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Europe’s Fast Pivot to Renewables Means No Long-Term Need for LNG

The European Union’s need for natural gas will peak in about three years and begin declining before any new, fixed liquefied natural gas (LNG) terminals can be brought online, and EU countries are deliberately trying to avoid the kind of long-term supply contracts that Canadian gas producers are looking for, a UK-based fossil fuel specialist says.

The continent can fully free itself from Russian gas by 2025 with no new gas import infrastructure, and is already showing signs of much slower demand growth up to that date, Sarah Brown, senior energy and climate analyst at the Ember climate consultancy, said in an email.

Brown was responding to questions after completing an analysis showing that reports of a new coal boom in Europe’s electric power sector are also greatly exaggerated. She found that Germany, Austria, France, and the Netherlands have brought 14 gigawatts of coal-fired power plants out of retirement and put them on standby, in order to get more gas into storage in case Russia cuts off supplies this winter. But even in the worst case—if all the plants had to run through 2023—they would only produce enough electricity to power Europe for about a week and increase the continent’s emissions in that year by 30 million tonnes, about 1.5% of the EU’s 2031 total.

Meanwhile, those same countries have found new urgency for a permanent shift off any form of fossil energy from any supplier.

“There has been a paradigm shift in Europe against dependence on fossil fuels,” Brown told The Energy Mix. “There are no longer arguments coming out of European governments that fossil fuels bring energy security. Instead, it has been recognized that decarbonization has so far moved too slowly, and there is heightened urgency to accelerate renewables deployment.”

The result is an increase in renewable energy “targets and ambitions”, at the level of both the EU and member states, Brown said. “This shift is permanent, and changes are already being implemented to achieve the required massive rise in wind and solar installations—such as reductions in permitting times and amendments to legislation.”

Gas and coal prices in Europe are expected to remain high for the next three years, she added, “so by the time they might drop, fossil fuel demand will have been reduced by increased availability of renewable energy.”

Brown said European countries have set up a voluntary system, the Energy Purchase Platform, to coordinate the short-term gas purchases they need to secure supplies for this winter. She added that Germany, the customer Canada has in mind for two possible LNG terminals on the East Coast, had “argued against Qatar’s conditions of a 20-year-long partnership” to buy and sell gas.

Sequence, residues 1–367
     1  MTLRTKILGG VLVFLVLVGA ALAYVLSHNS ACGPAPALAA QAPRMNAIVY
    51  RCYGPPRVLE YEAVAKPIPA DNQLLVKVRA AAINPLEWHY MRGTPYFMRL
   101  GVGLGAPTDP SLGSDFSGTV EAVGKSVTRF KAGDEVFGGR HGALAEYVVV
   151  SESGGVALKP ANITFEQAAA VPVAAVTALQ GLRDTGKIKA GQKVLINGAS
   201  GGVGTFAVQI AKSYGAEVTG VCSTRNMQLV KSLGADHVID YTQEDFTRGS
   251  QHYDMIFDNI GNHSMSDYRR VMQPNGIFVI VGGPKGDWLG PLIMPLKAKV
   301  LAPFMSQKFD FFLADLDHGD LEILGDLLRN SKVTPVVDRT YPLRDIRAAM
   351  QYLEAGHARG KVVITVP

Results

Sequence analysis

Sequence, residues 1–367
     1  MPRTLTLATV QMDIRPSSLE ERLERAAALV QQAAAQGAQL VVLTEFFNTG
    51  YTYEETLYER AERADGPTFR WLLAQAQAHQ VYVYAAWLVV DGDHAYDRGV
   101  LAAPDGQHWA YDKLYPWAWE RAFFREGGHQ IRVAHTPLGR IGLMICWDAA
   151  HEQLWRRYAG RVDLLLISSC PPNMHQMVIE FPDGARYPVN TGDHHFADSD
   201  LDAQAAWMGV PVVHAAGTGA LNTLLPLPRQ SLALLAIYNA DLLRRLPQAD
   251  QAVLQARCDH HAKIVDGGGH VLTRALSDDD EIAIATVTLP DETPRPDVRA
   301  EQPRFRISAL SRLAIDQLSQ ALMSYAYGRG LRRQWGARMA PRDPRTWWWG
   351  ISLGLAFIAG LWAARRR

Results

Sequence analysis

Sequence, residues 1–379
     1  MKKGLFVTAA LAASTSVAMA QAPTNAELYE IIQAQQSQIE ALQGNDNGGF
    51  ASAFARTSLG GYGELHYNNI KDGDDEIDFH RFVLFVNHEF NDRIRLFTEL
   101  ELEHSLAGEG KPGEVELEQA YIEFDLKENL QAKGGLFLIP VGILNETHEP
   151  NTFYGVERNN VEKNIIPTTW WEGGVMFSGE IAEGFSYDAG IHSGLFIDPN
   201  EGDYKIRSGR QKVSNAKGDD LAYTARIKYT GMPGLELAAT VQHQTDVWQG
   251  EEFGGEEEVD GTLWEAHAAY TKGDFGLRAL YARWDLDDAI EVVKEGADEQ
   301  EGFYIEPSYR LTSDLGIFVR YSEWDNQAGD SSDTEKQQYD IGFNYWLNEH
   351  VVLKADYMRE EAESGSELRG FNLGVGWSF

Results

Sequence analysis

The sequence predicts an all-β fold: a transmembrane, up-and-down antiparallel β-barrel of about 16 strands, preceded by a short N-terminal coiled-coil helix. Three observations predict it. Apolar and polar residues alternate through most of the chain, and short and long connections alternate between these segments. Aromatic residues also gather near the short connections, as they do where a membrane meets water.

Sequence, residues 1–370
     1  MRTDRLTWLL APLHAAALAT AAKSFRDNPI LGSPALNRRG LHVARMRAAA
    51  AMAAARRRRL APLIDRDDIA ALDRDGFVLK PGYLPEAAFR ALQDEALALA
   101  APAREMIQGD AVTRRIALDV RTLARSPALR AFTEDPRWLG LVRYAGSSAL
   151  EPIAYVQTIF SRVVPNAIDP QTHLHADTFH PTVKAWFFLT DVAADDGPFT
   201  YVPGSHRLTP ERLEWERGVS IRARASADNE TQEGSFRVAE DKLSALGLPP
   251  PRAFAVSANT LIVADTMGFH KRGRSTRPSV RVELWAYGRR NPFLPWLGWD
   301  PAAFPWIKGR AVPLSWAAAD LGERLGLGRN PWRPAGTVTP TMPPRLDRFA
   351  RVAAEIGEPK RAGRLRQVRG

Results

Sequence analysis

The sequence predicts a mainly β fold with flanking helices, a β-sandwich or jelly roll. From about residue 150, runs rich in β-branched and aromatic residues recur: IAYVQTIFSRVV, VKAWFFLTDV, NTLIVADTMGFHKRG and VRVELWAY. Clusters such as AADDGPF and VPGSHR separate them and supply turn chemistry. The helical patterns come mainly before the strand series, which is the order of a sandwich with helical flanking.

So far, Canadian cabinet ministers have insisted that any new gas supply deal with Germany would have to include a longer-term shift to green hydrogen derived from renewable electricity. Newfoundland and Labrador, a province long dependent on offshore oil and gas development, recently lifted a moratorium on wind farm construction.

But a news report a couple of months ago suggested the technical realities of converting from LNG to hydrogen might be more complicated than the politics.

“Almost none of the equipment used to [process LNG] is suitable to handle hydrogen, which is more difficult to store and transport because its molecules are much smaller than the methane that makes up a large chunk of natural gas,” wrote Bloomberg Green. “It’s true that hydrogen can also be moved as a liquid in ships, but the gas has to be cooled to an even lower -250°C [below the -160°C threshold for LNG], requiring completely different vessels. Storage tanks, the most costly component of any LNG terminal, are no good at holding tiny hydrogen molecules. Not all pipelines can handle pure hydrogen; it can weaken the metal structures and cause leaks.”

“The conversion of an LNG terminal to liquid hydrogen is a technical challenge,” Arno Buex, chief commercial officer at Belgian LNG terminal operator Flyxus, told Bloomberg. “An economically viable business model…is far from imminent.”

Brown cautioned that “this current discussion about ‘hydrogen readiness’ for gas infrastructure is speculative and untested. And there are limits to the realistic usages for hydrogen—it will only be able to replace gas for certain industries and processes. There are also concerns about the negative local impact on the countries that may end up producing this hydrogen for the EU.”

3 Comments (Open | Close)

3 Comments To "Europe’s Fast Pivot to Renewables Means No Long-Term Need for LNG"

#1 Comment By Mark Butler On July 15, 2022 @ 7:41 AM

Thanks. Keep reporting on green hydrogen story in all its aspects including feasibility of coupling offshore wind in Atlantic Canada with green hydrogen export.

#2 Comment By Mitchell Beer On July 15, 2022 @ 9:02 AM

Thanks, Mark. We’re always grateful for story leads along those lines!

#3 Comment By Ken Summers On July 15, 2022 @ 9:40 AM

“So far, Canadian cabinet ministers have insisted that any new gas supply deal with Germany would have to include a longer-term shift to green hydrogen derived from renewable electricity.”
This is empty greenwashing talk to appease us. The word they usually use is “require”. Require how? They already have their approvals. CIAA under this government affirmed that the 2007 approval for an import plant in Goldboro is still good enough for the Goldboro LNG export proposal. Explictly, and re-affirmed last year, not requiring an IA because it is “substantially the same project” as the import plant. Minsiter Guillbeault indicated Repsol will get the same treatment when he said the plant there already has all its approvals.